After the police murder of George Floyd the slogan “defund the police” was catapulted into the mainstream. The concept of defunding police has been around for a long time but hasn’t really been at the forefront of society’s collective consciousness, in part because we’ve traditionally ignored and dismissed the complaints and warnings of people who aren’t white men. Now that it’s a popular idea, governments across the country are starting to consider defunding the police and what that might look like. In Halifax, the Board of Police Commissioners has struck a committee to look into defunding. That may not seem like much, but it’s how things get done in a democratic bureaucracy.
A brief history
There is a very long list of how and why the police have let people down, which basically begins at the start of policing. Take for example the city of Toronto. When the police in Toronto were first founded in the 1800s most of its officers were Protestant. Most of the people arrested were Catholic. Toronto didn’t have its first Catholic police chief until 1989. In 2016, the year in which Toronto stopped the racist practice of carding, 75 per cent of its police force was white. Toronto Police appointed its first Black police chief in 2020.
The history of police abusing their power is as long and storied as the history of the police. We know, thanks to the private diaries of liquor inspectors in the 1920s, that during the prohibition years police in New Glasgow allowed people to break the law and be in possession of alcohol so they could nail them with large fines. In modern times policing hasn’t gotten much better. Before legalization, Black Haligonians were five times more likely to be arrested for pot, despite the fact Black people are less than four per cent of the city’s population. Even though pot use is largely the same for Black and white people, police were enforcing it more against Black people. Might this discrepancy have something to do with police officers in Halifax stopping people because they were Black?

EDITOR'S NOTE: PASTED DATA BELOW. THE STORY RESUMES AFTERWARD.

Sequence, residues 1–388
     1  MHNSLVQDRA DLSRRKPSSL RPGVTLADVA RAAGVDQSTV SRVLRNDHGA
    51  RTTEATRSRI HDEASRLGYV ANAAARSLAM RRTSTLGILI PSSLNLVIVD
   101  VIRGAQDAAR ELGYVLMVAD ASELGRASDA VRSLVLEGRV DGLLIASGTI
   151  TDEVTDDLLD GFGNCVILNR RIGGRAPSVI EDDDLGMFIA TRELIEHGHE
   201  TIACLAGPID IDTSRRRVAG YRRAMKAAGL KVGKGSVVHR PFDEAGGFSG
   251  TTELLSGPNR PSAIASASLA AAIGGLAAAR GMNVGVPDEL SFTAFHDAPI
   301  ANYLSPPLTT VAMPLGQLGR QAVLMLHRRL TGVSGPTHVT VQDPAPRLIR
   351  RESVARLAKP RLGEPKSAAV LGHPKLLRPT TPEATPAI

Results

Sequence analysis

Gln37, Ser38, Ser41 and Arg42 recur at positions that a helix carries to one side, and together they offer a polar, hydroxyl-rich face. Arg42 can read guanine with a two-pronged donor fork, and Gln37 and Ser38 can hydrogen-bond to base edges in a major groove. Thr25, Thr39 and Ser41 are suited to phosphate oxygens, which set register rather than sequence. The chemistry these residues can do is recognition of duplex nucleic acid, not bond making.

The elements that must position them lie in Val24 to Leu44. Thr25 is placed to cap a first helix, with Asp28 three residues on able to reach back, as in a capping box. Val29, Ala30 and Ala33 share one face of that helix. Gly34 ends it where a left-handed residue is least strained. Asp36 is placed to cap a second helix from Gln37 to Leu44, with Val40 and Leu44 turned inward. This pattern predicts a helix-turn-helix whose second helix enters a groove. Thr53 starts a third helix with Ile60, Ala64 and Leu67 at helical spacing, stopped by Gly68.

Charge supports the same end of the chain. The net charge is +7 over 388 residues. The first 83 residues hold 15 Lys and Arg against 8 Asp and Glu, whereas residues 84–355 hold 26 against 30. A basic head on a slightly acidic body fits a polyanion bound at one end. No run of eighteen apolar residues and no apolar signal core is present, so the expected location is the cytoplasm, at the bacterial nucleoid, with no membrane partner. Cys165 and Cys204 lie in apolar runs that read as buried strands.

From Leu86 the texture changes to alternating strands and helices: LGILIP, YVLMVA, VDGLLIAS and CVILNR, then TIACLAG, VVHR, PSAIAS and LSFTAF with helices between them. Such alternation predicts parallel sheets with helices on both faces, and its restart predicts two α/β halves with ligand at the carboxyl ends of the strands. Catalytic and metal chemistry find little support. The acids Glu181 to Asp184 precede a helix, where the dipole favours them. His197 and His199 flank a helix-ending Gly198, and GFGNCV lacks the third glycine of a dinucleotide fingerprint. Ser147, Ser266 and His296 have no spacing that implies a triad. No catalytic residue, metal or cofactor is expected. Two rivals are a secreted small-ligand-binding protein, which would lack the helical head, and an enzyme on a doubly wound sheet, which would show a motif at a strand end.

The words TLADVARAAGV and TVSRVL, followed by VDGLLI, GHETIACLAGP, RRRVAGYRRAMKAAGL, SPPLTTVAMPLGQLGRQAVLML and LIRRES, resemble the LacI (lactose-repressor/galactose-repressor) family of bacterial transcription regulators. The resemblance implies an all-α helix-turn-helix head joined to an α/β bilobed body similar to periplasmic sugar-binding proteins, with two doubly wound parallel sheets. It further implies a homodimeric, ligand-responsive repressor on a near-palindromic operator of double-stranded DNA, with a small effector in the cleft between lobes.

The police in Halifax became a full-time police force in 1864, with annual reporting to council at least as early as 1872. That relationship has been formalized and legislated over time and is now governed by the Police Act.
Why the police won’t be defunded
The first, and really only roadblock for defunding the police, comes from the Police Act. The act stipulates that the police chief is the one who writes the budget and the Board of Police Commissioners can only provide high level direction to the chief. In theory, and in practice this is a great idea. Kind of.
The police, by design, have real power to do two absolutely unthinkable things on behalf of the government: confinement and violence.
Unlike anyone else in this country the police are legally allowed to take away someone’s freedom, and should the situation call for it, hurt or kill citizens on behalf of the state. Last year, for example, there was one time where violence was required, but there was also one time where police just went in “guns blazing.” (SIRT recently concluded the officer was justified in killing Richard Wheeler on his side deck because RCMP claims he “raised his gun” at them, though a neighbour interviewed on the day of the incident told the press he just took an airsoft pistol out of his “waist area” and was immediately shot.) Another time in 2020 they responded to a mental health call and killed someone on accident. And in 2018 police tasered a teenager to death even though her mom had called for paramedics instead.
But, this separation of power comes at a cost, and it’s why the police won’t let themselves be defunded.